7 Nathan said to David, “You are the man! Thus says the Lord, the God of Israel, ‘I anointed you king over Israel, and I delivered you out of the hand of Saul. 8 And I gave you your master’s house and your master’s wives into your arms and gave you the house of Israel and of Judah. And if this were too little, I would add to you as much more. 9 Why have you despised the word of the Lord, to do what is evil in his sight? You have struck down Uriah the Hittite with the sword and have taken his wife to be your wife and have killed him with the sword of the Ammonites. 10 Now therefore the sword shall never depart from your house, because you have despised me and have taken the wife of Uriah the Hittite to be your wife.’ 11 Thus says the Lord, ‘Behold, I will raise up evil against you out of your own house. And I will take your wives before your eyes and give them to your neighbor, and he shall lie with your wives in the sight of this sun. 12 For you did it secretly, but I will do this thing before all Israel and before the sun.’” 13 David said to Nathan, “I have sinned against the Lord.” And Nathan said to David, “The Lord also has put away your sin; you shall not die. 14 Nevertheless, because by this deed you have utterly scorned the Lord,[b] the child who is born to you shall die.” 15 Then Nathan went to his house.
David’s Child Dies
And the Lord afflicted the child that Uriah’s wife bore to David, and he became sick. 16 David therefore sought God on behalf of the child. And David fasted and went in and lay all night on the ground. 17 And the elders of his house stood beside him, to raise him from the ground, but he would not, nor did he eat food with them. 18 On the seventh day the child died. And the servants of David were afraid to tell him that the child was dead, for they said, “Behold, while the child was yet alive, we spoke to him, and he did not listen to us. How then can we say to him the child is dead? He may do himself some harm.” 19 But when David saw that his servants were whispering together, David understood that the child was dead. And David said to his servants, “Is the child dead?” They said, “He is dead.” 20 Then David arose from the earth and washed and anointed himself and changed his clothes. And he went into the house of the Lord and worshiped. He then went to his own house. And when he asked, they set food before him, and he ate. 21 Then his servants said to him, “What is this thing that you have done? You fasted and wept for the child while he was alive; but when the child died, you arose and ate food.” 22 He said, “While the child was still alive, I fasted and wept, for I said, ‘Who knows whether the Lord will be gracious to me, that the child may live?’ 23 But now he is dead. Why should I fast? Can I bring him back again? I shall go to him, but he will not return to me.”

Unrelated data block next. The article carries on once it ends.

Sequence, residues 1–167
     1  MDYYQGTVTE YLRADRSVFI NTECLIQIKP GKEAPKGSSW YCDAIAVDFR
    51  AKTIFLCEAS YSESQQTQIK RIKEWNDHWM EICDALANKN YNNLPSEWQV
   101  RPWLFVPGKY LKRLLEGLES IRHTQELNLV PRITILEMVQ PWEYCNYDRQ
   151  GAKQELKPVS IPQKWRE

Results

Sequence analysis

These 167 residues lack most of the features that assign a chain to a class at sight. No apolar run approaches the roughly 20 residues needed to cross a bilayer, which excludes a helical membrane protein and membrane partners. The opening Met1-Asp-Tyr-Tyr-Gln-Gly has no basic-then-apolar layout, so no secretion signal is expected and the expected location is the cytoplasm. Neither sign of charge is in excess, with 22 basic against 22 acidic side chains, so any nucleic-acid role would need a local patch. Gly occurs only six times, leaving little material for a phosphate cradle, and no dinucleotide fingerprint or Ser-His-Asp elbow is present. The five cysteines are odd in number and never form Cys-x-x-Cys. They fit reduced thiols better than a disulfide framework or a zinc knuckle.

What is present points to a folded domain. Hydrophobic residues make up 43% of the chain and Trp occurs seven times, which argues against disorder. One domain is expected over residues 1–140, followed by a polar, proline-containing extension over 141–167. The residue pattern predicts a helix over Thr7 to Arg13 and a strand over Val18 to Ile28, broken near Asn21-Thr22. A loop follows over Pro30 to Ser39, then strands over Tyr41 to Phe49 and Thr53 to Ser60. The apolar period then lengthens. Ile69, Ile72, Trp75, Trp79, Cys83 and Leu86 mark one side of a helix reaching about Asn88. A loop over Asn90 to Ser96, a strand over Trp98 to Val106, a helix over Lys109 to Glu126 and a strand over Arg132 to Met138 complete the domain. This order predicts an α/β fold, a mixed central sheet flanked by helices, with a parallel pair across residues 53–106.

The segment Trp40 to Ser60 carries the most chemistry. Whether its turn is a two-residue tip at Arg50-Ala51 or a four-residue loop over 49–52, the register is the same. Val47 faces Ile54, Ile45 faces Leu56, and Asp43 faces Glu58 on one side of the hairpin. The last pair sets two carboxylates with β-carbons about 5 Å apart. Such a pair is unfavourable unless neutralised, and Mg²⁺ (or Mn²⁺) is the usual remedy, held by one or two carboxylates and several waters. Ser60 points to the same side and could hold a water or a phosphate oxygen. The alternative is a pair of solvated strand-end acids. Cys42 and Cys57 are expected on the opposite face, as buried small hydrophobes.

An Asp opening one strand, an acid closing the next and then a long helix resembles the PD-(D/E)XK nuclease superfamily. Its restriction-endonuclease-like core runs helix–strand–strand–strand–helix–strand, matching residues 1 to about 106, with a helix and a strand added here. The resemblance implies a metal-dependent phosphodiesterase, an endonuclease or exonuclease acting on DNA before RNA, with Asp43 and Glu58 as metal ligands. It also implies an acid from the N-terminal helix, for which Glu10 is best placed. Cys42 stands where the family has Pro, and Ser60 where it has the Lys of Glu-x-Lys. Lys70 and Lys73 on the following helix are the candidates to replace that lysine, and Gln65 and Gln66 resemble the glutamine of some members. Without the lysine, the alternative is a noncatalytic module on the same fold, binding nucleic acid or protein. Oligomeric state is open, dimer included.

24 Then David comforted his wife, Bathsheba, and went in to her and lay with her, and she bore a son, and he called his name Solomon. And the Lord loved him 25 and sent a message by Nathan the prophet. So he called his name Jedidiah,[c] because of the Lord.
Rabbah Is Captured
26 Now Joab fought against Rabbah of the Ammonites and took the royal city. 27 And Joab sent messengers to David and said, “I have fought against Rabbah; moreover, I have taken the city of waters. 28 Now then gather the rest of the people together and encamp against the city and take it, lest I take the city and it be called by my name.” 29 So David gathered all the people together and went to Rabbah and fought against it and took it. 30 And he took the crown of their king from his head. The weight of it was a talent[d] of gold, and in it was a precious stone, and it was placed on David’s head. And he brought out the spoil of the city, a very great amount. 31 And he brought out the people who were in it and set them to labor with saws and iron picks and iron axes and made them toil at[e] the brick kilns. And thus he did to all the cities of the Ammonites. Then David and all the people returned to Jerusalem.
- 2 Samuel 12:3 Hebrew bosom; also verse 8
- 2 Samuel 12:14 Masoretic Text the enemies of the Lord; Dead Sea Scroll the word of the Lord
- 2 Samuel 12:25 Jedidiah means beloved of the Lord
- 2 Samuel 12:30 A talent was about 75 pounds or 34 kilograms
- 2 Samuel 12:31 Hebrew pass through
English Standard Version (ESV)
The Holy Bible, English Standard Version. ESV® Text Edition: 2016. Copyright © 2001 by Crossway Bibles, a publishing ministry of Good News Publishers.